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Pursuing Independence as a Hopeless Romantic

This article is written by a student writer from the Her Campus at Wilfrid Laurier chapter.

Valentine’s Day was last week, and just like every other year, many of my single friends and I are still recovering from the evident divide between people that are in relationships and people that are not. At least in my circle, the topic of romantic relationships seems to surface quite often: who is she dating, whose boyfriend is acting up, whose girlfriend did what, who is “talking” to who? I’ve noticed this pattern a lot recently and even though I am an eager participant in these kinds of conversations, I’ve become confused as to why we, as women, seem to be so obsessed with and centered around our relationships.

A recurring frustration that I hear from my single friends is that they don’t want to be single. Emotionally, I think it makes sense that they want to be in relationships – we seek companionship and stability from the commitment of having a partner, and it seems that having some formal title for a relationship is our end goal. As a self-professed hopeless romantic, these patterns have become more relevant to me, and I’m starting to get weary of them. I have friends that, when we get together, all we talk about are the people we are interested in. Although it is inarguably engaging and endearing to hear about the intimate details of a friend’s feelings, I’m not sure for what other reason we seem to place such an emphasis on the subject. It seems like such a go-to topic, and yet, it has become exhausted.

I’m reminded of the Bechdel Test, an assessment of film wherein a movie only needs to have three criteria to pass: there are at least two named women, they talk to each other and they talk about anything other than a man. Although this test is a comment on female character depth, it made me think about how often I have a conversation with another woman in which one of us doesn’t mention a guy? I don’t think that my circle of friends is unique in this way either. Of course, I’m not suggesting that we should abandon our romantic desires and never discuss our crushes and significant others with each other! Rather, we cannot base our feelings of personal success on romantic relationships, and that being single does not equal being without value.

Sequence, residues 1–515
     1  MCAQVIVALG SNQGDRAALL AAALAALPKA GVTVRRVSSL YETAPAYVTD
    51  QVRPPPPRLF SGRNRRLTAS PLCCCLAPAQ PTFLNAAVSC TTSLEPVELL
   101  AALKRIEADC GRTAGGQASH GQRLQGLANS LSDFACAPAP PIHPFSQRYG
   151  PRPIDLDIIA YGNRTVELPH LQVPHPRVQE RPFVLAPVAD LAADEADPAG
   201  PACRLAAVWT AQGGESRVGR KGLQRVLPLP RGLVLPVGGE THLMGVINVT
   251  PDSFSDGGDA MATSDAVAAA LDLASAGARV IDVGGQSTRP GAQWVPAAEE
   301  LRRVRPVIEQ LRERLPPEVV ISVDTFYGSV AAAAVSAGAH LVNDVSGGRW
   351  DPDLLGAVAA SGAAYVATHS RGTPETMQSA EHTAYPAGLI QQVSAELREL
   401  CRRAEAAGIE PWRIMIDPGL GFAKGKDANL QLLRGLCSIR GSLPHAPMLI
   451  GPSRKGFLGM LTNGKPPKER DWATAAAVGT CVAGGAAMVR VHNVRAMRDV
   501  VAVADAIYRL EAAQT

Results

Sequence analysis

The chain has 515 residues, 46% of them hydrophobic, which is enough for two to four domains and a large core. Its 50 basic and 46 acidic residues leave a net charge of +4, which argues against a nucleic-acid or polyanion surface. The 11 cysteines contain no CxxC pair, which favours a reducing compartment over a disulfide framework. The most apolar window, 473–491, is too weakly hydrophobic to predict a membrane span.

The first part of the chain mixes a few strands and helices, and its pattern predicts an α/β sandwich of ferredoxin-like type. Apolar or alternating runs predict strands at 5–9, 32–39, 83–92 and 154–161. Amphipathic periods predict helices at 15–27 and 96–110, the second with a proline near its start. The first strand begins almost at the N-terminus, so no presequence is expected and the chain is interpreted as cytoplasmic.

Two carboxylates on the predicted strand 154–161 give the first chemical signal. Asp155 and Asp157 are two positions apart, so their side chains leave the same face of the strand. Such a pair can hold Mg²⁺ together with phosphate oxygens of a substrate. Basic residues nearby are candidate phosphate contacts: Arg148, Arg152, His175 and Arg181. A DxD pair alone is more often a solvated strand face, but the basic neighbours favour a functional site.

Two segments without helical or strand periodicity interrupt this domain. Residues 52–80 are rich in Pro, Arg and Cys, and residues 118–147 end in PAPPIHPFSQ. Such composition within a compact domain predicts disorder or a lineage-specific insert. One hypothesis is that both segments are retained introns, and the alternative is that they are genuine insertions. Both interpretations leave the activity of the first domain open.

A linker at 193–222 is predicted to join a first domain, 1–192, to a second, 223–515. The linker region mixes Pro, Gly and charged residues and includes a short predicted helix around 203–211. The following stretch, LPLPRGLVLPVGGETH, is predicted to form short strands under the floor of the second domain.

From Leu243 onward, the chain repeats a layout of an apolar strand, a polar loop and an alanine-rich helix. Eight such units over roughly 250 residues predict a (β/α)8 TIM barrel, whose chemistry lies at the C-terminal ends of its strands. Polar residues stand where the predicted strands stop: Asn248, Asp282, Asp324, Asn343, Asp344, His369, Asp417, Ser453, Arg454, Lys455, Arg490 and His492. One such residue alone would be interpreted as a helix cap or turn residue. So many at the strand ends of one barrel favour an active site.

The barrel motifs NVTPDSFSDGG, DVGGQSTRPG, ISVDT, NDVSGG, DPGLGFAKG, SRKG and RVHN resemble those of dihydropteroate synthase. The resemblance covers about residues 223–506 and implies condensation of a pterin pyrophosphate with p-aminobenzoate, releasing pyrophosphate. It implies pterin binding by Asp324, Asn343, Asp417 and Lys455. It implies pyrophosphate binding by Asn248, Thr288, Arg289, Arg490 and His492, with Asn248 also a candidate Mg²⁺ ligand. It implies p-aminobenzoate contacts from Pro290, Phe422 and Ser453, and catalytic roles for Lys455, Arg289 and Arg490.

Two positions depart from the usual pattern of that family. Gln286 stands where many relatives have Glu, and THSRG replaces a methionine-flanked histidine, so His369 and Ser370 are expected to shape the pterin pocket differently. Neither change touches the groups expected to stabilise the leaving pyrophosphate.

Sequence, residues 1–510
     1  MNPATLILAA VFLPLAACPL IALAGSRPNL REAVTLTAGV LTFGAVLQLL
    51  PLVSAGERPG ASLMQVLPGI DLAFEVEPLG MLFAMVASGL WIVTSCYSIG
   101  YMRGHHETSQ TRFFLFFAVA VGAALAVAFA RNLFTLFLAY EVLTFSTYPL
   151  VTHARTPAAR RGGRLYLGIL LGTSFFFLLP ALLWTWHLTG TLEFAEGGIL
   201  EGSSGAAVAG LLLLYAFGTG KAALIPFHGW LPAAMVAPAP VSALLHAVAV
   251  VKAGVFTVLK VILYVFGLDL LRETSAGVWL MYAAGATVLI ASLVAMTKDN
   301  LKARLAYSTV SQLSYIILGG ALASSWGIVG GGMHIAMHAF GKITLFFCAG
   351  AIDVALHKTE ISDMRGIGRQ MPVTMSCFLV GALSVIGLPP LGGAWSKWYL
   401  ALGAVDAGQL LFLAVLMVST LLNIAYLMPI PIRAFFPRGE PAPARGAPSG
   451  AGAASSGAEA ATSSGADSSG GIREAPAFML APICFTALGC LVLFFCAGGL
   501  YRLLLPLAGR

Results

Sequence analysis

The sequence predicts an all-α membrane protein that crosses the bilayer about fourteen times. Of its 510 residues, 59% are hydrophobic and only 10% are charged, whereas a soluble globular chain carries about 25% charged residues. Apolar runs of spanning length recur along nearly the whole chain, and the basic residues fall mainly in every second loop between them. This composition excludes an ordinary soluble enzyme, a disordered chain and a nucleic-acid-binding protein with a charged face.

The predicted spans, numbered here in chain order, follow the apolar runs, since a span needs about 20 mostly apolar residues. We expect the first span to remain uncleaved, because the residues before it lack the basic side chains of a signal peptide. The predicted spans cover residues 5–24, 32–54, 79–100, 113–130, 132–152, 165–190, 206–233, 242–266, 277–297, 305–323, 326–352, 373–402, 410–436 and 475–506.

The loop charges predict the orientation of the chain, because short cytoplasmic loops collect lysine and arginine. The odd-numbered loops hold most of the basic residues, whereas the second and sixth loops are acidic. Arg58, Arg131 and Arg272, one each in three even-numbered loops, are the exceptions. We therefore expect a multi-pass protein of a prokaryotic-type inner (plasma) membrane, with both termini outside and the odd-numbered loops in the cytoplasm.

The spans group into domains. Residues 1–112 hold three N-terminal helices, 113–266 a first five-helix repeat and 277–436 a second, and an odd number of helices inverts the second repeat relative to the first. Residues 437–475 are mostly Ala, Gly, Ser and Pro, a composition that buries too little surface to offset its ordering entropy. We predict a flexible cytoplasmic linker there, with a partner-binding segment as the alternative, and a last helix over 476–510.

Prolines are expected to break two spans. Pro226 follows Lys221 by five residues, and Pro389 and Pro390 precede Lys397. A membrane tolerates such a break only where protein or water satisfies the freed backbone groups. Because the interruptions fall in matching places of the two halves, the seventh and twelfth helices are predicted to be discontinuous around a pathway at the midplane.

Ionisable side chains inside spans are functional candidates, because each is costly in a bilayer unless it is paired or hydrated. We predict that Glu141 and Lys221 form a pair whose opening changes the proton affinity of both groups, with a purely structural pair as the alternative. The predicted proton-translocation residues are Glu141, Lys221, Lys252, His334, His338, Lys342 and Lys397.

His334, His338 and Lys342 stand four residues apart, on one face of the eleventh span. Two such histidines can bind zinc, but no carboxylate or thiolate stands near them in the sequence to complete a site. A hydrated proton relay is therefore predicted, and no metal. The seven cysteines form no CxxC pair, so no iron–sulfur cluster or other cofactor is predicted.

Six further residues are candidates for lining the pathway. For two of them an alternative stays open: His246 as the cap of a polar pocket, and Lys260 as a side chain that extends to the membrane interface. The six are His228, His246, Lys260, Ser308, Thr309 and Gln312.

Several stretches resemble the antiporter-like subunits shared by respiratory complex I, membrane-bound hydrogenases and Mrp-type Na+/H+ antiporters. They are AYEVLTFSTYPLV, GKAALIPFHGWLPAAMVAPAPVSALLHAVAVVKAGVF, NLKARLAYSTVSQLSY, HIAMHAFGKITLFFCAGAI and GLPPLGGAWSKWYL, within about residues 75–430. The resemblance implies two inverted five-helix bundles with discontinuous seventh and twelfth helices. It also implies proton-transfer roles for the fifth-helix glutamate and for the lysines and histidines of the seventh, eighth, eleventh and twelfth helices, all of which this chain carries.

There is a fine line between being a hopeless romantic and being a blind romantic. Your significant other should be a happy addition to your already beautiful life, not a completion. You are your own person! Personal value does not increase nor decrease whether you’re taken or not, and you certainly shouldn’t feel as though you “need” a relationship to be happy. I have found that we often require validation from our partners in order to feel satisfied in ourselves, and if the validation isn’t received, we feel wholly insufficient. In other words, know your worth!

I think that as women, we tend to place a lot of our personal value in our relationships with others rather than in ourselves. In my experience, good relationships come along when you are most at peace with your life and self, and especially when you least expect them. I believe loving yourself fully and completely first will attract love to you.

Liz Cooper

Wilfrid Laurier '23

Liz is a fourth-year Religion & Culture major at Wilfrid Laurier University with a passion for languages. When she's not studying, she loves practising calligraphy, baking, and reading the stars.
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Sarah McCann

Wilfrid Laurier '20

Sarah is a fourth year Communications and Psychology major at Wilfrid Laurier University who is passionate abut female empowerment. She is one of two Campus Correspondents for the Laurier Her Campus Chapter! Sarah loves dancing, animals, photography, ice cream, and singing super obnoxiously, in no particular order.